This is the standard “Pro”version of Capture One. It offers all the available tools, and it will work with all supported cameras. It is available as both a perpetual licence and as a subscription.
This is the free cut-down version of Capture One. It still offers the same RAW processing engine, and Fujifilm support but its features are significantly limited compared to the full version of the software.
Over the past few months I’ve been busy bringing all of my current Fuji guides up to date for 2019. This included free updates to three of the guides, and one new edition. The exception is my old Iridient Developer guide, which I will no longer be supporting (more on that below)
Over the course of the time since I first wrote these guides, there have been various changes, and for the most part I’ve provided free updates to those.
In addition, I released a new guide for Capture One. The old guide was discontinued some months ago, and the new guide is a rewrite and a significant change. It’s available now, and is currently at version 1.0
As with all things, my plans for future versions of these guides depends on a number of factors, including the development of software etc. For now though, here is a rough guide to what I have in mind:
Fuji Lightroom Guide: This will probably no longer get free updates, and a 2nd edition is in the planning stage. I have no time frame for this yet, but hopefully some time this year (2019).
X-Transformer Guide: This will depend on future updates to the software itself. I am considering combining this with the Lightroom guide for its second edition.
Capture One Guide: As this is only just released, I will continue to provide free updates as long as it makes sense to do so. This will depend on how many changes there are in version 13, but unless there are major changes, I will continue to update it through the 13 release cycle. This may change if version 13 is significantly different, or affects the information in the guide.
Iridient Developer Guide – No longer being updated (for now)
My Iridient Developer guide is no longer being updated. The reason for this is that there has been a significant falloff in interest in this over the past year and also there has been a significant amount of time since the software has been updated. If there is a major 4.0 release of the software, I may reconsider, and do a new version, but if so it will be a second edition and not a free update. I will continue to make the eBook available, and I’ve reduced the price to €3 for the rest of the year at least, and then see what happens in 2020.
I’ve released a minor update to my X-Transformer guide that addresses some of the recent changes in the application. This is a free update to anyone who had previously bought the guide.
The update is relatively minor, and includes a small addition, as well as changing and deleting sections that are no longer relevant. The changes included in this update are as follows:
Version number of the guide changed to 1.6 (to correspond to software version number)
Added section on the new compression options introduced in v.1.5.
Mentioned changes to the default colour profile in v1.6
Updated some screenshots
Added section on installing presets, and updated it for latest versions of Lightroom.
Deleted references to controls no longer in the software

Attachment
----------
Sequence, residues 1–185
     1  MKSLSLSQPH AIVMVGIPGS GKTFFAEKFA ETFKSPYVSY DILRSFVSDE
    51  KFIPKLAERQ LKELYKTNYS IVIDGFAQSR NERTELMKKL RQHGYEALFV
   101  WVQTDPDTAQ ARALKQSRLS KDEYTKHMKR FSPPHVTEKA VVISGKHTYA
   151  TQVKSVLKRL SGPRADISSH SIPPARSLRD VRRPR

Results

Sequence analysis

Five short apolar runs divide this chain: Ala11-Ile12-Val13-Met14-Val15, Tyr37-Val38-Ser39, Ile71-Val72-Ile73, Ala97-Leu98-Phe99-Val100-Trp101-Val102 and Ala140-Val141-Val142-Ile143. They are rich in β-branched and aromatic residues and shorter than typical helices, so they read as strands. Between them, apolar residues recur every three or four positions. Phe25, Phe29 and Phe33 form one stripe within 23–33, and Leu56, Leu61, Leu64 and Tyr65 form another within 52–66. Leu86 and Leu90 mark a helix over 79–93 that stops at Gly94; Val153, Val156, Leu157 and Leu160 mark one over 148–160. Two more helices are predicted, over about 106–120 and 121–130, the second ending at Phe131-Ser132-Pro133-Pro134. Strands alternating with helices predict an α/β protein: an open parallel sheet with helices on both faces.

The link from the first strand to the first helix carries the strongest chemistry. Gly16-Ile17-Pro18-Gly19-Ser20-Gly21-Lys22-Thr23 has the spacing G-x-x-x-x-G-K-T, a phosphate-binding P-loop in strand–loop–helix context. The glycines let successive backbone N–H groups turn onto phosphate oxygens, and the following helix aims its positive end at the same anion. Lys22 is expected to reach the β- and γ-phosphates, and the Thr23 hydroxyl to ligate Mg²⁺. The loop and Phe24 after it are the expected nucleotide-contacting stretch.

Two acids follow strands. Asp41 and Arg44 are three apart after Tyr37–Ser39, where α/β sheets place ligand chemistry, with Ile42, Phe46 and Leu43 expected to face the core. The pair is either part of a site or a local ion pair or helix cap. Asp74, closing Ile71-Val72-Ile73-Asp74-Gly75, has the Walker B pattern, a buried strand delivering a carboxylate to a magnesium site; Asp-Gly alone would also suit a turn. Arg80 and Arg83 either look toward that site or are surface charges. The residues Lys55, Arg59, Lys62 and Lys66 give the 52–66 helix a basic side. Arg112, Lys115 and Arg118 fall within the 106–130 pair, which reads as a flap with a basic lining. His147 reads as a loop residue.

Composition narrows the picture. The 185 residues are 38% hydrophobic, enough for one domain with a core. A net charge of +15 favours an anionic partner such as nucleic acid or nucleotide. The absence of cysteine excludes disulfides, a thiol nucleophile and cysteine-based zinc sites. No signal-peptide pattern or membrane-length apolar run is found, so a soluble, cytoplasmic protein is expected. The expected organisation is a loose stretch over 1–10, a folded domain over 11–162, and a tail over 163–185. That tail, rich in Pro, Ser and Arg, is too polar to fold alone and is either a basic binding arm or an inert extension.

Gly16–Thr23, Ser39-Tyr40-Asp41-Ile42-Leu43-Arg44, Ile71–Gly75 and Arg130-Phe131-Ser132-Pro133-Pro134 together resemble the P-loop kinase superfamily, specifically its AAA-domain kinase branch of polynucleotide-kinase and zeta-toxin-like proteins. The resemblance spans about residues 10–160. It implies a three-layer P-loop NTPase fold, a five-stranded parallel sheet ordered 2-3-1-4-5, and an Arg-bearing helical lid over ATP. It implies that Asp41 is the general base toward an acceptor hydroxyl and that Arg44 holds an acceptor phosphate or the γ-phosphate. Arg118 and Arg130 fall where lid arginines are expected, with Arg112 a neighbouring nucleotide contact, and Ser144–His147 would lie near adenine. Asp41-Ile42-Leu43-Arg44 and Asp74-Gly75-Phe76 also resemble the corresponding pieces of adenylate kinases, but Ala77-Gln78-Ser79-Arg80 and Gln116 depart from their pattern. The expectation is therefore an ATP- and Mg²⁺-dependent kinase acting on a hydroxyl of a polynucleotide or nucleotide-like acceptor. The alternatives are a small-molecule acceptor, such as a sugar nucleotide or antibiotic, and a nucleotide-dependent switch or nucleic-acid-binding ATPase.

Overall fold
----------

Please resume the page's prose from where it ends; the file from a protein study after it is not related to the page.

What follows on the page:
Tidied up language in various places.
The bonus presets that come with the guide have not been updated, so if you are downloading the new version, you don’t need to re-download the presets. I have changed the structure of the preset download to make them easier to install on newer versions of Lightroom, but the presets themselves haven’t changed.
To download the update, you need to go to your account on the store, log in, and then go to the “My Orders” section and then the “Downloads” tab. I have complete instructions on the help centre which shows you how to download updates, including a video if you’re having trouble.
I’m happy to announce that I’ve finally finished my new Capture One guide for Fuji shooters. Called “Processing RAW files in Capture One 12” – snappy title, I know! – It is written to provide Fuji shooters with enough knowledge to get the best results when working with Fuji RAW files in Capture One. It’s not a complete manual for Capture One, and while you don’t need to be an advanced user, you need to know the basics.
This isn’t an updated version of my old Capture One guide either – it’s a completely new book. The old one was originally written for version 8 and then updated multiple times, but as there have been so many changes lately, I wanted a fresh start with v12 of Capture One, so I started from scratch. There are a few paragraphs from the old one (why re-invent the wheel) and a couple of sections adapted from blog posts, but it’s mostly new material.
The guide is broken down into four chapters. The first chapter introduces the guide, and explains what it is and also the advantages of Capture One for Fuji Shooters.
The second chapter looks at quick set-up tips to make working with Capture One a little easier. It also also looks at some common tasks that you should know for use in Capture One that will also help you use the tips and workflows discussed later in this eBook.
Chapter 3 looks at the various settings and workflows for Capture One that are specific to working with Fuji files, such as how to set film simulations, how to match DR settings and so on.
Chapter 4 looks at the importance of sharpening when processing RAW files, and explains the stages of sharpening. It also covers how Capture One’s sharpening and noise reduction tools work as well offering suggestions on how best to set these parameters when working with Fuji files.
There are also some included presets for sharpening and noise reduction.
There are full details available including a complete breakdown of what’s in each chapter, and a sample of the first chapter to download here on the store page. The guide’s normal price will be €5 but for the next two weeks it will be on sale for just €4.50. (Prices may vary depending on local VAT rates)